KANSAS CITY, Mo. — When the final member of Kansas State’s basketball team made his way into the locker room following a 67-61 victory over No. 8 Florida on Saturday night at the Sprint Center, the Wildcats erupted.
Players, coaches and managers alike screamed and clapped in unison. So much noise they could be heard through the walls and down the hallway.
It was a special moment for the Wildcats. Their first marquee victory and their first major Bruce Weber-era win.
K-State had its first non-conference victory over a top-10 opponent since beating Minnesota in 1981.
“This is big-time,” senior swingman Rodney McGruder said. “We know that we can compete with the best and beat them. This win is a great confidence booster.”
A confidence booster they needed. K-State (9-2) was in the middle of a disappointing trend. It started by beating eight teams from small conferences, but losing twice by double digits to No. 2 Michigan and No. 14 Gonzaga.
Fair or not, the Wildcats were starting to develop a reputation as a team unable to compete with top-notch opponents. Junior guard Will Spradling said earlier this week he thought K-State’s fan base doubted them
But those concerns began to fade away Saturday night.
“Our goal is to be a top-25 team by the time Big 12 play starts,” Spradling said, “and this is a great step forward for us.”
They took it behind Spradling, McGruder and senior forward Jordan Henriquez. And they took it in front of 16,303 vocal fans, easily the largest friendly crowd of the year.
The Wildcats got off to a fast start, built a 33-23 halftime lead and held off a late Florida charge.
Spradling was the most effective player during all three stretches. He led K-State with 17 points, and hit 3 of 8 three-pointers while grabbing six rebounds.
“He opened the defense up a lot,” McGruder said. “Guys starting getting worried about him, because he got it going. He hit (3 of 5) of his threes in the first half. That was big. He spread their defense out.”
That opened up things for his teammates. Henriquez took advantage with nine points, seven rebounds, five blocks and several more shots changed at the rim.
For the first time since Weber became his coach, he looked like the guy who ended his junior season on a tear, averaging a double-double in the postseason.
Weber helped him by challenging him in practice, and urging him to relax on Saturday.
“I’ve been struggling lately and I just went out there and left it all on the floor,” Henriquez said. “Coach tells me all the time, from the day he got here, I have to be consistent. Tonight I just went out and played my heart out.”
McGruder played with passion, too. He added 13 points in a game that felt like a breakthrough.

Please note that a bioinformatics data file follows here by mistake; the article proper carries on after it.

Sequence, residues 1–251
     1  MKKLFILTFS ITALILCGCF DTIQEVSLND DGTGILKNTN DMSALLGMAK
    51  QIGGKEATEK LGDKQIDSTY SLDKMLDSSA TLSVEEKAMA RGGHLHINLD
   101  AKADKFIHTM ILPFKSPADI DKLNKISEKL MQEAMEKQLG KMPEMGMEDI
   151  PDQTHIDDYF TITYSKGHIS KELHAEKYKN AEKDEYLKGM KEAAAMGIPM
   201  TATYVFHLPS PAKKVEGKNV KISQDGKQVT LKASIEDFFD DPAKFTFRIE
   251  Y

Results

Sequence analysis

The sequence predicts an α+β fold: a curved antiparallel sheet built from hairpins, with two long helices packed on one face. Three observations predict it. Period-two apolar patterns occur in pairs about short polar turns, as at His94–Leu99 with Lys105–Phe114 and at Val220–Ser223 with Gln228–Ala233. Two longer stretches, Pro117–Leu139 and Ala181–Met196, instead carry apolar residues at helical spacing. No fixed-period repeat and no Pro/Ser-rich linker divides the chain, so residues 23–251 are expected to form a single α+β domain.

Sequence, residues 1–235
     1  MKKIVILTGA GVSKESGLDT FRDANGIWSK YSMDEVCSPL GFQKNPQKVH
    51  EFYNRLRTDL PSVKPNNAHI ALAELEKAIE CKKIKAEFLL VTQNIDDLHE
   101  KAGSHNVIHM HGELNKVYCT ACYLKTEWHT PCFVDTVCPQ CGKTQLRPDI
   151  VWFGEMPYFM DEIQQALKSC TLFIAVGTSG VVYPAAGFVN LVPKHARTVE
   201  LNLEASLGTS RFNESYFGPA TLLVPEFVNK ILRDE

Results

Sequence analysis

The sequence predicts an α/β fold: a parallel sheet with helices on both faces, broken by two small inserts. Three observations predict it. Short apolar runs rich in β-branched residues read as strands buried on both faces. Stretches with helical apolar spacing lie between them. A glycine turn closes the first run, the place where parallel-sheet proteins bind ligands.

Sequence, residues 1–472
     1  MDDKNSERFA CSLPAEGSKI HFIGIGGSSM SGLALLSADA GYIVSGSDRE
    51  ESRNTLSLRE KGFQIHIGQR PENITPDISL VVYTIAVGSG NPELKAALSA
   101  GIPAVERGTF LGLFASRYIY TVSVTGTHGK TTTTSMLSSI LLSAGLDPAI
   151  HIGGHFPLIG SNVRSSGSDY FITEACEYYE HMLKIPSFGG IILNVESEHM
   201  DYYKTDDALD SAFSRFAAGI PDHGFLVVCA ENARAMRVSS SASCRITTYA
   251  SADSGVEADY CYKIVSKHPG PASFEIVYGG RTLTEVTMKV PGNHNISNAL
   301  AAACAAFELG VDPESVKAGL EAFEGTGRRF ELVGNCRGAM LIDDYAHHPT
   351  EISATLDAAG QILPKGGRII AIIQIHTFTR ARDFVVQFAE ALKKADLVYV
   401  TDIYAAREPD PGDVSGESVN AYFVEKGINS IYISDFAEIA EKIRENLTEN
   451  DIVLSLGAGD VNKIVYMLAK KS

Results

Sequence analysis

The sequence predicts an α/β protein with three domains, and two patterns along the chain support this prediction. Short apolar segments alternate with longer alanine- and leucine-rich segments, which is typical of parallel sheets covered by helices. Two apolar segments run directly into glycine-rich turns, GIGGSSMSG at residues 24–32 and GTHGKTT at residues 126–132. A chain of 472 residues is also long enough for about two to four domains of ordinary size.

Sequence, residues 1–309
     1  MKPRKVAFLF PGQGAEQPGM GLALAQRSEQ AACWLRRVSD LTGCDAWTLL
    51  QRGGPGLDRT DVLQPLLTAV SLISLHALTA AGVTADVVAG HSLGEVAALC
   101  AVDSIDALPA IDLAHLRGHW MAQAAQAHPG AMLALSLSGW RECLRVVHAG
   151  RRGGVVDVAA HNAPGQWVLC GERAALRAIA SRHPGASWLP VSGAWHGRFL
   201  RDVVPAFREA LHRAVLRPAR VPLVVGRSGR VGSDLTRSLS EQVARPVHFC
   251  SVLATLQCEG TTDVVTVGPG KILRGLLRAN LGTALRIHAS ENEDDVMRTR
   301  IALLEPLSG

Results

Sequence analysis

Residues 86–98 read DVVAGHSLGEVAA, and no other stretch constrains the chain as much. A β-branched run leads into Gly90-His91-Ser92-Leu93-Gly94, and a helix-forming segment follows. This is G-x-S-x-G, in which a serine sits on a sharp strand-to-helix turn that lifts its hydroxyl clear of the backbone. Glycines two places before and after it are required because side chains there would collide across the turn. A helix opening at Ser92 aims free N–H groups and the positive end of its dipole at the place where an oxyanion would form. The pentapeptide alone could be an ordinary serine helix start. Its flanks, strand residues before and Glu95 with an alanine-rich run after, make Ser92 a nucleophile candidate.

The most disappointing thing about their two losses was that they came in exactly the same way. K-State competed with No. 2 Michigan for a half at Madison Square Garden, but ended up losing by double digits. Then it played No. 14 Gonzaga to within a point at halftime in Seattle but couldn’t hang in the second half.
Poor offense and brutal starts in the second half hurt the Wildcats both times.
“That was embarrassing,” Spradling said. “We didn’t want to be embarrassed again.”
On Saturday, they were determined to breakthrough against a prominent opponent. They did, sending Florida to its second loss. Its only other defeat came in the final seconds at Arizona.
“Our team didn’t play at the level it needed to to beat Kansas State today,” Florida coach Billy Donovan said. “I thought their kids played with great passion and great energy. They played really hard and made key plays and key rebounds in crucial situations.”
The most crucial came late, with Martavious Irving and Shane Southwell draining three-pointers late in the second half that kept the Gators at arm’s length.
Despite a strong start and an 11-point lead in the first half, Florida pulled to within 36-35 with 15:58 remaining in the second half and tied things up at 41-41 with 13:21 remaining. Behind 19 points from Patric Young, the Gators made K-State’s comfortable lead disappear quickly.
The first five minutes of the second half is where things have gone wrong for K-State. Like Michigan and Gonzaga, who pulled away in the second half, Florida threatened to do the same.
But K-State didn’t back down this time. Irving nailed a three-pointer to put K-State ahead 44-41. It held onto that lead the rest of the way, but it wasn’t until Southwell made a three-pointer from the corner with 1:33 to go that the Wildcats could start to breathe easy, up 61-53.
“In the huddle, when they made the run, I just said, ‘We have been before,’ ” Weber said. “You get to a point where the other team comes at you. Do you lay down or do you stand up?”
For the first time this season and under Weber, the Wildcats stood up. And celebrated afterward.
“Good team win,” Weber said. “Nice Christmas present for everybody.”